The Save the South Moresby Choo-Choo campaign received support from all kinds of Canadians. But you compared it also to the Oka Crisis, which did not receive support from non-Indigenous people.
Well, there’s a simple reason for that: they were armed. The state could say that they have the moral high ground, because here’s a group of terrorists that are threatening legally constituted bodies with weapons. So they become terrorists.
The Haidas knew better than to have any guns. One young Haida man pounded a spike into a tree up there because it was popular back then to spike trees, and the elders made him apologize to the logging company and remove it.
The thing that really gave them the moral high ground — and this was not a strategy, it was just people being themselves — [was Haida elders and Lyell Island blockade participants] Ada Yovanovich and Ethel Jones were genuinely devout Christian women. So naturally they had their Bibles in their laps when they were arrested, and that image brought in the church groups in Canada.
This was not a threat to the government of Canada: peaceful senior citizens, in their regalia, sitting in the mud, reading their Bibles is not a threat to this country. So it made Canada look like the bully. I think that was the moment that turned it around.
How much influence do you think the presence of white people in the South Moresby campaign had on non-Indigenous support?
If you talk to most Haidas today, the young ones, they think that the whole South Moresby campaign began with the [Haida elders’] Lyell Island blockade. The only reason they had a national stage is because a lot of white people had joined a few Haidas in building that platform for 10 years, so that they actually had a national stage to step onto.
Some people are going to read Raven as a white saviour narrative. What’s your response?
I think I’ve been pretty clear [in the book] that I contributed to the Moresby campaign and I certainly did not initiate it.
The Haidas have been fighting for their lands for years prior to [the campaign]. There’s absolutely no way that area would have been saved if the Haidas hadn’t taken [the] action they did. We’d probably still be having planning team meetings as the last of Moresby is being logged today.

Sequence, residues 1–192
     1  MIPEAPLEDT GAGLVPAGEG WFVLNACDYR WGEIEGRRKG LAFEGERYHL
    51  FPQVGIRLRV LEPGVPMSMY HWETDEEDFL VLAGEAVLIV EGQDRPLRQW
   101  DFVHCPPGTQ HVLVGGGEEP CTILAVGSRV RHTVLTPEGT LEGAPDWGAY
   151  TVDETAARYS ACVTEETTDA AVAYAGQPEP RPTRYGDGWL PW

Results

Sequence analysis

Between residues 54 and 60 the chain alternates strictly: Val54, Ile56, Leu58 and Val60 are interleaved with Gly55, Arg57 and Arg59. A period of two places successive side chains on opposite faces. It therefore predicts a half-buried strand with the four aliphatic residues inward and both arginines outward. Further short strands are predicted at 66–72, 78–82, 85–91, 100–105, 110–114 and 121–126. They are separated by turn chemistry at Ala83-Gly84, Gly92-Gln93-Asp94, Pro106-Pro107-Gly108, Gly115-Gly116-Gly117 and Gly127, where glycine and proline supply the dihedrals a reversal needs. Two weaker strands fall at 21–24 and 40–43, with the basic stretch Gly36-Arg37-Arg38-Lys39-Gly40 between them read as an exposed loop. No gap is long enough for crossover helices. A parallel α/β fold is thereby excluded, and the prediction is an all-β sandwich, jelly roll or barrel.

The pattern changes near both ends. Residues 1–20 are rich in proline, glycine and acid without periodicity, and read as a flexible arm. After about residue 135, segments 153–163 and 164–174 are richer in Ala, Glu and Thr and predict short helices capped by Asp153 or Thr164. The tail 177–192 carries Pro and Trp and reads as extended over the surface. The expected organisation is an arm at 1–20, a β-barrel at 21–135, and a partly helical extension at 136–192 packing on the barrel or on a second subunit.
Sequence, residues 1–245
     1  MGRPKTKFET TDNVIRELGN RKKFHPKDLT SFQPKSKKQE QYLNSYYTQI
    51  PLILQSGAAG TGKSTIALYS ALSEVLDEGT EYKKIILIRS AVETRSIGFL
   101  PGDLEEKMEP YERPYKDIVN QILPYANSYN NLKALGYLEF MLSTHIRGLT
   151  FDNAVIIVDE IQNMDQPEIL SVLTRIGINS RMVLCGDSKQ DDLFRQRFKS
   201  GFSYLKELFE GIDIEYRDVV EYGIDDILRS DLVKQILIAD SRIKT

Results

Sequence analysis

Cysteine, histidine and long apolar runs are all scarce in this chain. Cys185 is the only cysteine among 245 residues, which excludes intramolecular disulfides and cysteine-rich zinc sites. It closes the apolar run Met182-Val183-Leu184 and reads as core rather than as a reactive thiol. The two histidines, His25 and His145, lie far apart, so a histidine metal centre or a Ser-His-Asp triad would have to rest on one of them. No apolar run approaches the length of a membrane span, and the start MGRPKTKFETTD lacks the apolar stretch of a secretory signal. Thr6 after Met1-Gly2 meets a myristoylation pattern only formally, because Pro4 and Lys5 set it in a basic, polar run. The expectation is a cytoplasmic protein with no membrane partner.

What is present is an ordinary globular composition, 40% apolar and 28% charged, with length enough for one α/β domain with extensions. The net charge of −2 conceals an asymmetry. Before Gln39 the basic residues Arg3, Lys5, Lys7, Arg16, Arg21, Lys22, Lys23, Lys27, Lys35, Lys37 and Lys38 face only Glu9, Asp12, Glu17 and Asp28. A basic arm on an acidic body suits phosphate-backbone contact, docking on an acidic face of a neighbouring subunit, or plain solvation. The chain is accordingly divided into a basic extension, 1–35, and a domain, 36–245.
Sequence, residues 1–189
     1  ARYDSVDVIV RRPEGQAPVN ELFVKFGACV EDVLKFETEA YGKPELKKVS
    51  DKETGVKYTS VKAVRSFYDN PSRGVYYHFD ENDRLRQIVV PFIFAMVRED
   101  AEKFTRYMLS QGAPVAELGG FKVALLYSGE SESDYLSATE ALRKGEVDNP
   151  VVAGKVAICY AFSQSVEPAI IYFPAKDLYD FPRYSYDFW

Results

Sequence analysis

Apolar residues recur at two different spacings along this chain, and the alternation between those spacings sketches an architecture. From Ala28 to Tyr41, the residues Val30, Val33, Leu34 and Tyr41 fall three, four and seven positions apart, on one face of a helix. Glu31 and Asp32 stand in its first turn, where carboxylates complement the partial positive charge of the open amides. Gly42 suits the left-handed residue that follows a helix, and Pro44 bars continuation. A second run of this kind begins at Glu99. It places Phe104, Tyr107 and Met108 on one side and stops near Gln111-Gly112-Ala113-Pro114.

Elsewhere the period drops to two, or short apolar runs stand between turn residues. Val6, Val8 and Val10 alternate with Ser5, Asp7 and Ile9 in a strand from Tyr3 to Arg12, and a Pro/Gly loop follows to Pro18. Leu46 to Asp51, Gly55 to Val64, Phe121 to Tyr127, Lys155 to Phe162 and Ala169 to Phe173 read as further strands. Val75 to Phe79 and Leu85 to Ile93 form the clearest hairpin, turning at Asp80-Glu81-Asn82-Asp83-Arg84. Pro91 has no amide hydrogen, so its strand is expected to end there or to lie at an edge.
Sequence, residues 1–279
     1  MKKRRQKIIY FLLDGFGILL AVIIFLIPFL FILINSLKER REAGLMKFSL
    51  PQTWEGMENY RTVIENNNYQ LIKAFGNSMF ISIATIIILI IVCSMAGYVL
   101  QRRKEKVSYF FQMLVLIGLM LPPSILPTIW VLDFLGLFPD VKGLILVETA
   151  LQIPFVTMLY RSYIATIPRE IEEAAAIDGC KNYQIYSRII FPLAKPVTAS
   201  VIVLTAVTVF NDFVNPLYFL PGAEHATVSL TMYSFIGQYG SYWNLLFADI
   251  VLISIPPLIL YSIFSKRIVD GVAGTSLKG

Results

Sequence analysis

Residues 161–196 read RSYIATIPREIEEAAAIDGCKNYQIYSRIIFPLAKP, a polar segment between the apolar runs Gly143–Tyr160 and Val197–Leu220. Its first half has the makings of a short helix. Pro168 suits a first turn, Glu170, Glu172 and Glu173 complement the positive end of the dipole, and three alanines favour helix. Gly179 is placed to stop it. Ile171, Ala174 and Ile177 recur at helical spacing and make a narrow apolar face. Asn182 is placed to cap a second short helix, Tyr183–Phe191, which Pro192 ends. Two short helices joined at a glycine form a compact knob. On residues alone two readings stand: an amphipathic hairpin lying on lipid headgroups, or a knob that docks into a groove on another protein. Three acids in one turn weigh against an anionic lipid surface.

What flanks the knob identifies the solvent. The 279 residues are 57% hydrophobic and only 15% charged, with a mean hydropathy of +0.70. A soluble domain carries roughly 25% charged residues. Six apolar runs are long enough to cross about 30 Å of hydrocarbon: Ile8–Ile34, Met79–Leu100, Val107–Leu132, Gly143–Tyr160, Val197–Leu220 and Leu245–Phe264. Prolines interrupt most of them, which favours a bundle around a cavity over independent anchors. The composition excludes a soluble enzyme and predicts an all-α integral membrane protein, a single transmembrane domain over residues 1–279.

And Rediscovery couldn’t have possibly gotten off the ground without the elders legitimizing it. It would have just been written off as a hippy, back-to-the-land movement.
You mention in the book that it was really hard to get kids outdoors in the age of television. What’s it like now?
It’s impossible. Nobody wants to give up their digital addiction long enough to want to go to camp. And the same actually applies to staff: it’s really hard to find staff that will want to give it up. It is a serious addiction.
The kids on my rafting trip [in Malaysia two weeks ago], they had a 30-minute safety briefing, they’ve got their helmets and life jackets on and the river’s been raging past us this whole time. And as we’re boarding the raft they say: Mr. Henley, which direction are we going to raft in?
This is the disconnect, and it’s chronic and it’s growing. If you don’t even understand the basic workings of nature, how can you even think about working to protect it? Or even know what you’re losing?
You had conservative government allies in the South Moresby campaign. But with the current U.S. government dismantling environmental protections, and Canada’s previous Conservative government doing the same, do you still think the environment is a non-partisan issue?
I think it’s the only way we’re going to care for it.
We know how the political system works: if we had a Green government and passed all of this environmental green legislation, it could be easily undone every time we flip flop at the ballot box.
So I think it’s better that people with environmental concerns get into every party. Make sure that every party has a green agenda to some extent. And I think that we need to look at commonalities between us as peoples.
I would never say that I couldn’t find common ground with a conservative person on some issue. There’s always a connection, and that’s what we need to be looking at. Maybe issues are going to be resolved over dinner or a walk with someone, rather than placards in front of a government building.